Monday, September 16, 2019

#IMomSoHard by Kristen Hensley and Jen Smedley

I Mom So Hard book cover (two women sitting on a couch, laughing, with glasses of red wine on a bright pink background) #Imomsohard ("I Mom So Hard") is a book written by two moms and YouTube sensations, Kristen Hensley and Jen Smedley, who "tell it like it is” in their videos about parenting. Meaning, they are completely truthful about everything-- not just the good, but the bad and the ugly, too! Using humor and wit, they recount some of their personal stories raising their sons and daughters. Not limited to just funny stories about labor and school lunches, they also speak directly to moms, encouraging them to call for help, to help one another, and-- more importantly-- to never judge a mom, because you just never know what they are going through.

The audiobook is read by the two authors and they are so fantastic to listen to! They bring their own personality and flare to the pages (or in this case discs) and talk to their readers/listeners as if we were all hanging out at dinner over appetizers. Listening to them talk about their life stories brings relief and humor to your own life, knowing that they’ve been through it all, too, and that moms are not alone in this journey.

Monday, September 9, 2019

Evicted by Matthew Desmond

Every day, in cities across the country, thousands of people are evicted from their homes. Eviction is traumatic for everyone, but for the extremely poor, it's a waking nightmare that runs on repeat. Evictions can make you lose your job (as you're forced to spend your day moving your belongings or trying to find a place to stay), they can make you ineligible for public housing, they can get you rejected from by private landlords, they can force you to move into unsafe locations, they can make you impose on friends and family, they can force you to stay in homeless shelters, and on and on and on. The home is supposed to be the stable foundation of a person's life, and when they're forced out of it, it can uproot everything else along with it. This book delves into the lives of several Milwaukee residents, across a surprisingly wide spectrum of life experiences, who had their lives changed by eviction.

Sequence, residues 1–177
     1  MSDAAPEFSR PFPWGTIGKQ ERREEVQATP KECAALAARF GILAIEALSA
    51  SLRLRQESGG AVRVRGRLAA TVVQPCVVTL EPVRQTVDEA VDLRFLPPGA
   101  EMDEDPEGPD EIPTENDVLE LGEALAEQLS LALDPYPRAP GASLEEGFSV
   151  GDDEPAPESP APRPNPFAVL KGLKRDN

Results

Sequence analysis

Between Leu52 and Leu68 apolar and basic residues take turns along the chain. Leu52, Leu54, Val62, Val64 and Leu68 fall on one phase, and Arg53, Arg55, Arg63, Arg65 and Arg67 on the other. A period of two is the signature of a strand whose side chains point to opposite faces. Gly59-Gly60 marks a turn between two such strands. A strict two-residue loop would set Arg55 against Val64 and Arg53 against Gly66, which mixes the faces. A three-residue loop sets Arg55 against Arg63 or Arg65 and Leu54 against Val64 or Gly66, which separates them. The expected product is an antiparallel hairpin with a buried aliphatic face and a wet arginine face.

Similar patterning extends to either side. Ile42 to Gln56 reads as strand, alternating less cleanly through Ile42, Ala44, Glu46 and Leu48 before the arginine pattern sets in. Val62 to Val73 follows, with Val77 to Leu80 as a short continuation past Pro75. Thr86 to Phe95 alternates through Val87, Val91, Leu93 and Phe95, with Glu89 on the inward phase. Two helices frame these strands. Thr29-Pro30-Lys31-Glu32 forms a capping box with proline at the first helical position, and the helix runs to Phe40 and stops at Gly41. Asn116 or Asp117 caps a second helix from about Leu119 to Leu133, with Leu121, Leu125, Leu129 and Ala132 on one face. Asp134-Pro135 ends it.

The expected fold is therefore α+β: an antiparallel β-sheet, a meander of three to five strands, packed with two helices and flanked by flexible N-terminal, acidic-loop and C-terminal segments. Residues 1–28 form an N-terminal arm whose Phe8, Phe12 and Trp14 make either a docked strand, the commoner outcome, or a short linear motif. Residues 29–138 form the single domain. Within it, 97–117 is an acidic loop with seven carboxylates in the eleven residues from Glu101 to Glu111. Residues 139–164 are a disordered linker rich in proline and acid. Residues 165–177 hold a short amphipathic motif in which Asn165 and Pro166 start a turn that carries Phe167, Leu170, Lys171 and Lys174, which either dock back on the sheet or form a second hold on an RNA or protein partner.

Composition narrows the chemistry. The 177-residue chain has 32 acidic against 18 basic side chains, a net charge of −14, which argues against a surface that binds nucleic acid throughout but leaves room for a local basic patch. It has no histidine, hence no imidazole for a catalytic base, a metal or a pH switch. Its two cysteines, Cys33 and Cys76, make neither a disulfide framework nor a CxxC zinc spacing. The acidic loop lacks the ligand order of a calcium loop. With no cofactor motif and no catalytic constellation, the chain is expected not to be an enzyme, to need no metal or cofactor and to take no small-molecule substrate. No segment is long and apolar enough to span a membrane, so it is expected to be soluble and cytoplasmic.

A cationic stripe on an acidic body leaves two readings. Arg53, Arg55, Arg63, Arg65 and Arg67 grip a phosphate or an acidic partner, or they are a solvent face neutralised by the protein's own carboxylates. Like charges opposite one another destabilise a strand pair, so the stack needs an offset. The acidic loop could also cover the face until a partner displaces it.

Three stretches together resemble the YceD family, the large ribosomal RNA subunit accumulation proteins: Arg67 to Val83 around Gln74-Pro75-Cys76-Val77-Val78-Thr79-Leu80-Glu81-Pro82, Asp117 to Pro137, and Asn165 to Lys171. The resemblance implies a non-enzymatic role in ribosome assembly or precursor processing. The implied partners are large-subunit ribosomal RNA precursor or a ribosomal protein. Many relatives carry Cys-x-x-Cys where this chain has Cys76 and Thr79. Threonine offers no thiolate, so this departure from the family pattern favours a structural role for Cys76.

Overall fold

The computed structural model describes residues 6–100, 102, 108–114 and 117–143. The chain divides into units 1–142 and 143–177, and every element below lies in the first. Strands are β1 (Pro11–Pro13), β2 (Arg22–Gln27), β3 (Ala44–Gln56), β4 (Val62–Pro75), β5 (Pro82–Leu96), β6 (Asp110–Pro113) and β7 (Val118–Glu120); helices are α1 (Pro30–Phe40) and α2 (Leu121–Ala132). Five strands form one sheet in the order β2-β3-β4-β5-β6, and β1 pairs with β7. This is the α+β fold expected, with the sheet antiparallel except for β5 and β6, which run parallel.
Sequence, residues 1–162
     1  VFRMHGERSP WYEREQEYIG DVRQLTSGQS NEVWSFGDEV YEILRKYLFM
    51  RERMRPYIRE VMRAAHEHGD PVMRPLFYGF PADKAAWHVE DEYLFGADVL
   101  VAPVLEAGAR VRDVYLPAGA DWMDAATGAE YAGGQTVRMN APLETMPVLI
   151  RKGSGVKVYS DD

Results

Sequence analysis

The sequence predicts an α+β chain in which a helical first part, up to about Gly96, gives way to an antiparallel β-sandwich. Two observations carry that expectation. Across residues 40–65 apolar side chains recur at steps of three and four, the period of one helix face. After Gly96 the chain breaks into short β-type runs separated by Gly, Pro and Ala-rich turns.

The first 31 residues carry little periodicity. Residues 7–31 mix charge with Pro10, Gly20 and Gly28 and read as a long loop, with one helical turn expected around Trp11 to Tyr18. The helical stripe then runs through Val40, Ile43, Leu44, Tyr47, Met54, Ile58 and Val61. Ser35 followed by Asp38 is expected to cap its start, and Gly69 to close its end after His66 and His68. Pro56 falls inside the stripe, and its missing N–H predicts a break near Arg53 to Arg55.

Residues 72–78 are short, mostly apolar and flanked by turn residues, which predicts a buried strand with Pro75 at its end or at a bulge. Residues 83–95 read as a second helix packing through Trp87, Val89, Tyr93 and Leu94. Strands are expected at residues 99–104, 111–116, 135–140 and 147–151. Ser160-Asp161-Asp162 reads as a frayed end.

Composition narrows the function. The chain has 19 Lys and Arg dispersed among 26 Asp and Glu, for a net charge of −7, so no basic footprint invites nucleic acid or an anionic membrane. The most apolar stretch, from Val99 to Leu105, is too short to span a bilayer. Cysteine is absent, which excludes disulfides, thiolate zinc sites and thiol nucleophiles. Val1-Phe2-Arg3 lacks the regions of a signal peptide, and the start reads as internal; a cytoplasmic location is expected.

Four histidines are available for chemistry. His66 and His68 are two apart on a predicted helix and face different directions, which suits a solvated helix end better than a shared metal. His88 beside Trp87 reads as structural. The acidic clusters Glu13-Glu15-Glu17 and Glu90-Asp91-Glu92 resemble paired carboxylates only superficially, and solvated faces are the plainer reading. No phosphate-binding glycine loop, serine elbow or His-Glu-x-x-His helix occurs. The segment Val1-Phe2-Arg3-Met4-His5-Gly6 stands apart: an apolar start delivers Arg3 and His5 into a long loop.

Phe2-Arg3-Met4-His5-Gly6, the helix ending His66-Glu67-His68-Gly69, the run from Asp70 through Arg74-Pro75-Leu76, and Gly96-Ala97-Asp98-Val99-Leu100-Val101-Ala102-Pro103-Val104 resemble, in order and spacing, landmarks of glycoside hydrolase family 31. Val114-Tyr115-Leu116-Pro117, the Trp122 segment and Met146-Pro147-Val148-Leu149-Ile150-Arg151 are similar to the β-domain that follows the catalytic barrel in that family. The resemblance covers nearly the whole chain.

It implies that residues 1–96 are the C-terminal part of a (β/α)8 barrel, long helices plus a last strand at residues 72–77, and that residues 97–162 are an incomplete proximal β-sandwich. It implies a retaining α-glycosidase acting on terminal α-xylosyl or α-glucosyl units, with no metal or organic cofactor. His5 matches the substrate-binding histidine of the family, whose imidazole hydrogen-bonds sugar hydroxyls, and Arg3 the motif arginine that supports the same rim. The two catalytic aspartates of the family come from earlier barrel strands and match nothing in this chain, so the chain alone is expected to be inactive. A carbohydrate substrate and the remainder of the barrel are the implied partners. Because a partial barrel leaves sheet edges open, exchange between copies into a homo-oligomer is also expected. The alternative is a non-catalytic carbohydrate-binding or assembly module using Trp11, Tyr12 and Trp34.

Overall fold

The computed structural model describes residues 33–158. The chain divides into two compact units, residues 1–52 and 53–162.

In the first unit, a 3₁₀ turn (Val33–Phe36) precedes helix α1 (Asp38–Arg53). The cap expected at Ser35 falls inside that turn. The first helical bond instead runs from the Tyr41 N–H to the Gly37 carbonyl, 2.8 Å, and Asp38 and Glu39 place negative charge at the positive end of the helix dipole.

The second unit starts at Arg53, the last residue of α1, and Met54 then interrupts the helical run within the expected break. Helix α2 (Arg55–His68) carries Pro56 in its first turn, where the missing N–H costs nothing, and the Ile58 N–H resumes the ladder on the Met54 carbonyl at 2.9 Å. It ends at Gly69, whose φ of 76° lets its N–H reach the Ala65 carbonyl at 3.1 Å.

This book won its author a slew of prizes, including a Pulitzer, and with good reason. It's an intense collection of stories, many of them intertwined, giving you a heartfelt and crushing view of its subjects. If you're a fan of narrative nonfiction, this deep dive into the world of deep poverty and housing insecurity is one that will stick with you for a long time.

Monday, September 2, 2019

Hitler's Pawn by Stephen Koch

Hitler's Pawn book cover (a photo of a young man in an overcoat)Herschel Grynszpan (pronounced "Greenspan") was a German-born Polish Jew living in Hanover with his family until, following the Nazis rise to power, his parents sent him to live with his aunt and uncle in Paris in 1935. Following his family’s forced deportation in 1938, and a deterioration of his relationship with his aunt and uncle, Grynszpan decided to act. On the morning of November 7th, 1938, Grynszpan purchased a gun and walked to the German Embassy, where he shot and killed a German official. Grynszpan was arrested, putting up no fight. The act was used as a pretext by the Nazis to launch Kristallnacht, their most vicious pogrom against the Jewish people. Grynszpan himself spent the entirety of World War II in enemy hands, awaiting a massive trial that never happened. The exact reasons why are the subject of theories and conspiracies, all of which are debated.

Grynszpan is something of an anomaly in history as, in spite of his importance, he is not well known. Hitler’s Pawn does a fantastic job of detailing his life, and the legacy which he left behind. Stephen Koch’s detail regarding the time Grynszpan spent in Nazi hands is particularly incredible, as is the reaction by Nazi officials to the assassination he perpetrated. The book reads, by and large, like a work of fiction following a central character, though that does call into question whether or not some portions are dramatized or guesswork by the author. If you are looking for something fresh about World War II, though, this book is definitely for you.

Monday, August 26, 2019

Storm Front by Jim Butcher